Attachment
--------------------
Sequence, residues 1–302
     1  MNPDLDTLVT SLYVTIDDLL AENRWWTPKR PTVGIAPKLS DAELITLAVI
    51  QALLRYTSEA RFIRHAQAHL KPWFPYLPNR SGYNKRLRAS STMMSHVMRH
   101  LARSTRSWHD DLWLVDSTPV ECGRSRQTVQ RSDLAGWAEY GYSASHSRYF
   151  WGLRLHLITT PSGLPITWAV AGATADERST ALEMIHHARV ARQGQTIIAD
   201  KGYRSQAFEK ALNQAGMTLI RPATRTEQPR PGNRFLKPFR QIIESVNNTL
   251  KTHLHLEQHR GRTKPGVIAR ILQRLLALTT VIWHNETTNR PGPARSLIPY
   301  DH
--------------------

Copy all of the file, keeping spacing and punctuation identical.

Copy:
Sequence, residues 1–302
     1  MNPDLDTLVT SLYVTIDDLL AENRWWTPKR PTVGIAPKLS DAELITLAVI
    51  QALLRYTSEA RFIRHAQAHL KPWFPYLPNR SGYNKRLRAS STMMSHVMRH
   101  LARSTRSWHD DLWLVDSTPV ECGRSRQTVQ RSDLAGWAEY GYSASHSRYF
   151  WGLRLHLITT PSGLPITWAV AGATADERST ALEMIHHARV ARQGQTIIAD
   201  KGYRSQAFEK ALNQAGMTLI RPATRTEQPR PGNRFLKPFR QIIESVNNTL
   251  KTHLHLEQHR GRTKPGVIAR ILQRLLALTT VIWHNETTNR PGPARSLIPY
   301  DH